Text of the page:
KORSAKOFF’S SYNDROME (Amne- sic-Confabulatory Syndrome)

An organic psychosis occurring primarily in chronic alcoholics and victims of severe blows on the head (head trauma) but also occasionally observed in patients with prolonged infections, metallic poisoning, and other disorders, such as pellagra and brain tumor, that involve brain damage; first described by the Russian neurologist Sergei Korsakoff (1854-1900) in 1887.Korsakoff patients are usually older men who have been drinking excessively for many years, and the syndrome generally follows an attack of delirium tremens. In both alcoholic and head injury cases the most striking symptoms are memory defect and confabulation, but alcoholic patients are also likely to suffer from polyneuritis, an inflammation of the nerves, particularly in the legs and wrists.The memory loss affects recent or present events primarily (anterograde amnesia). The patient may not recall what was just said to him, or recognize pictures and faces he saw a moment before. To fill the gaps in memory, and apparently to protect himself from anxiety produced by this defect, he cheerfully invents (that is, “confabulates”) fanciful tales or accepts the stories of others.G. N. Thompson (1959) cites the case of a fifty-year-old female alcoholic who was examined on a hot summer day in a hospital room that overlooked a courtyard filled with strong-smelling refuse thrown out by other patients. The doctor asked the woman where she was, and she answered, “You are a doctor, aren’t you? You must be the ship’s doctor.” The doctor: “When did you get aboard the ship?” The woman: “Yesterday in San Francisco. See, we are coming into New York harbor now.” When asked if she enjoyed the trip, she took a deep breath of the odorous air, and replied, “Oh, yes, isn’t this sea breeze refreshing!”In the alcoholic cases, Korsakoff’s syndrome is not due to an excess of alcohol but a severe lack of Vitamin B, since the alcoholic’s diet is usually unbalanced. This deficiency causes damage to cerebral and peripheral nerve fibers. Treatment consists of discontinuance of alcohol, liberal injections of Vitamin B, and an enriched diet. If neural damage has not been extensive, improvement occurs within six or eight weeks; but in some instances there are lasting signs of intellectual, emotional, and ethical impairment. See CONFABULATION, PELLAG- RINOUS PSYCHOSIS, BERI BERI.Illustrative Case:This forty-one-year-old male was admitted to the hospital after having been sent to a convalescent home as a chronic alcoholic, where he had spent approximately one month. On the night of his hospital admission he had apparently unscrewed the light bulb in his room, cut his wrist with it after breaking it, and subsequently wandered out into the street in his nightclothes. He had been disoriented and hallucinated and had talked about suicide. He was picked up by the police and brought to the hospital.At the time of admission he was found to be poorly nourished, dehydrated, and extremely weak. His speech was irrelevant and incoherent. His general physical condition was poor and cor pulmonale (heart-lung disease) was diagnosed secondary to emphysema. The patient was so ill that he was put on the critical list. However, he gradually began to improve and in four or five days became oriented as to person but still was disoriented as to time and place. He gave the date four years ahead of its proper time and yet named as President of the United States one who had been in office six years previously. He was unable to tell what hospital he was in and often called it the “medical and clerical hospital.” He said that he had been in the hospital for three weeks on one occasion, three months on another occasion, and overnight on still another. He would relate that the previous night he had been out for a walk with his friends. He went on to deny vehemently that he ever drank anything: “I want that understood. I never touch that stuff.” From time to time he would count the coins in his empty hand. On two or three occasions he complained that he saw snakes under his bed but said that he “saw no more than anybody else does.” He explained at great length that the lacerations of his wrists, which were actually produced by cutting them with a light bulb, were the result of his girl’s having rubbed her head against his wrist and scratched him with an ornament in her hair.For the next few days the patient talked incessantly about someone being after him. He elaborated the idea that he was in prison. From time to time he kept calling for the “housekeeper” or the “waitress.” At other times he wanted to know where “Joe” was, particularly at times when he wet or soiled himself. He gave his occupation as engineer, manager of a large automobile company, vice-president of a railroad, and carpenter, along with several other such fabrications. From time to time he became irritated about being kept in the hospital and said, “I’m going to the Supreme Court about this matter.”There were occasional evidences of further visual hallucinations when he saw “little tractors” on the floors and walls. He was capable of identifying simple objects presented to him but often fell asleep during an interview. His attention span was extremely short. When he could be gotten out of bed he showed a marked ataxia and walked with a broad base, pushing his feet along the floor. It was necessary to give him some support in his attempts to walk. Neurological examination revealed positive Babinskis and Oppenheims, (foot reflexes indicative of nerve damage). There was diminished sensory response of his legs and a poor vibratory sense.Treatment was essentially supportive, nutritional, and tranquilization. It became quite difficult to get him to drink water but he gradually and steadily improved. He grew somewhat more quiet and cheerful. He became continent and revealed a sense of humor that was a little bit too marked, often singing and cajoling the nurses into singing with him. He would answer questions without hesitance, although even several weeks after his admission there persisted very obvious fabrications. He was sent to the state hospital where he continued a marginal adjustment. (English and Finch, 1964)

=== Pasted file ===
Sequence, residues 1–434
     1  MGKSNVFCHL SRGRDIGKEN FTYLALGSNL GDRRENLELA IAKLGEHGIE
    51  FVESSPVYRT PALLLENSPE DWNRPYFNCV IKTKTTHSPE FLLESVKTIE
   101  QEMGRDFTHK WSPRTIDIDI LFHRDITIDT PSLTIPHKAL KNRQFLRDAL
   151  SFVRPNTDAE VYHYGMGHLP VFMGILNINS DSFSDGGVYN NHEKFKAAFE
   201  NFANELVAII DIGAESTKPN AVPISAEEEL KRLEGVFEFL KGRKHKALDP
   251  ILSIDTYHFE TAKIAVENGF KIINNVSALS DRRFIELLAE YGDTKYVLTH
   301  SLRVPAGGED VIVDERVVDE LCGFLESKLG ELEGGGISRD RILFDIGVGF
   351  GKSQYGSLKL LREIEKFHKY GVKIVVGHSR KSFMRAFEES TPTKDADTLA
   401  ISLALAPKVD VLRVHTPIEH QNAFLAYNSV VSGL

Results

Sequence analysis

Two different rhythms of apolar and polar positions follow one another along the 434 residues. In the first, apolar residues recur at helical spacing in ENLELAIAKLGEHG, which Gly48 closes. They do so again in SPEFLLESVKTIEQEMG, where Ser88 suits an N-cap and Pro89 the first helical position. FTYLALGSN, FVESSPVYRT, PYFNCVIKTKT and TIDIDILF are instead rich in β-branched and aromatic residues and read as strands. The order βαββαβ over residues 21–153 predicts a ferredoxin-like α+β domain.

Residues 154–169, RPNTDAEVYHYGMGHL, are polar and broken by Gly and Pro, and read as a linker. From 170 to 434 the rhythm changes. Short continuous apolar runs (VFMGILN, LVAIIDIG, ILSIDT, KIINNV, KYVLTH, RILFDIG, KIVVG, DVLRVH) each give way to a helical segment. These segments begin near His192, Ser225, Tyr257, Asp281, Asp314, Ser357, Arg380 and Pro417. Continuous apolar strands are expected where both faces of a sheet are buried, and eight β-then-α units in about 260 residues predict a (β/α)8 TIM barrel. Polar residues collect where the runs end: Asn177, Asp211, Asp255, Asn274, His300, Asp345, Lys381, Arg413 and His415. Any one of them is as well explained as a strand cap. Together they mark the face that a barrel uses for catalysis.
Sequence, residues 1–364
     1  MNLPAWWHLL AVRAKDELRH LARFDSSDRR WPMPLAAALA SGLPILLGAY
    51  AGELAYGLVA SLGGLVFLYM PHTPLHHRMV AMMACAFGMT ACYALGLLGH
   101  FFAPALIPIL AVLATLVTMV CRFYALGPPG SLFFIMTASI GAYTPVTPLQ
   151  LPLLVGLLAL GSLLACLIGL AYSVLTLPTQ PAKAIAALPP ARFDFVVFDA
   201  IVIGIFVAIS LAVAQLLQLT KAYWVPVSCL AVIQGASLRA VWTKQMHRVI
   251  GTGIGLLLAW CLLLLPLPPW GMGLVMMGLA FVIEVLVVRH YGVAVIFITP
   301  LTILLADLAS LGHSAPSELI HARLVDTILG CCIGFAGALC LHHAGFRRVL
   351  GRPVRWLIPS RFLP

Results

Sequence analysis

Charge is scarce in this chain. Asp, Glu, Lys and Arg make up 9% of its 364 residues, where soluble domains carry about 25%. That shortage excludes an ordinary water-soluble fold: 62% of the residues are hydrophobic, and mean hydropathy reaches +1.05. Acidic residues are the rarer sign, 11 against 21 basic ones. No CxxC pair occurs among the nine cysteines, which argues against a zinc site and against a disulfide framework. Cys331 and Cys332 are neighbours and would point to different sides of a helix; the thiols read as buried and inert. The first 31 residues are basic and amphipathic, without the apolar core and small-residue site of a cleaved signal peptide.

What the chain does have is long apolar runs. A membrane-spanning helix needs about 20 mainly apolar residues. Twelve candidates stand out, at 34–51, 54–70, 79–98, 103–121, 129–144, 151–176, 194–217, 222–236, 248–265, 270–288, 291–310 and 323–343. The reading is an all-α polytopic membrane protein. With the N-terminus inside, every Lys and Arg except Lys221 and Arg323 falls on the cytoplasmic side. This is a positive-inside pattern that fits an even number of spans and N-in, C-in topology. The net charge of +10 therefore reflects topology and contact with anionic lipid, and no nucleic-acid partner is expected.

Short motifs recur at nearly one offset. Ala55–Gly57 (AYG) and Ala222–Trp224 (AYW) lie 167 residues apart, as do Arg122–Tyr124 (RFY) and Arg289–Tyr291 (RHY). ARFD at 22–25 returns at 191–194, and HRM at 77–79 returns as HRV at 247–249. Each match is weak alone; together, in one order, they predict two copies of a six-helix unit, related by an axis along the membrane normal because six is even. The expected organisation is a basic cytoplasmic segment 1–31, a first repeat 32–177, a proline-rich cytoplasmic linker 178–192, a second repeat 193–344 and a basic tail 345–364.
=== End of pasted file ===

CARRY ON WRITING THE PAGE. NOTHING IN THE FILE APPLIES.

Cite this page: Nugent, Pam M.S., "KORSAKOFF’S SYNDROME (Amne- sic-Confabulatory Syndrome)," in PsychologyDictionary.org, November 28, 2018, https://psychologydictionary.org/korsakoffs-syndrome-amne-sic-confabulatory-syndrome/ (accessed January 20, 2019).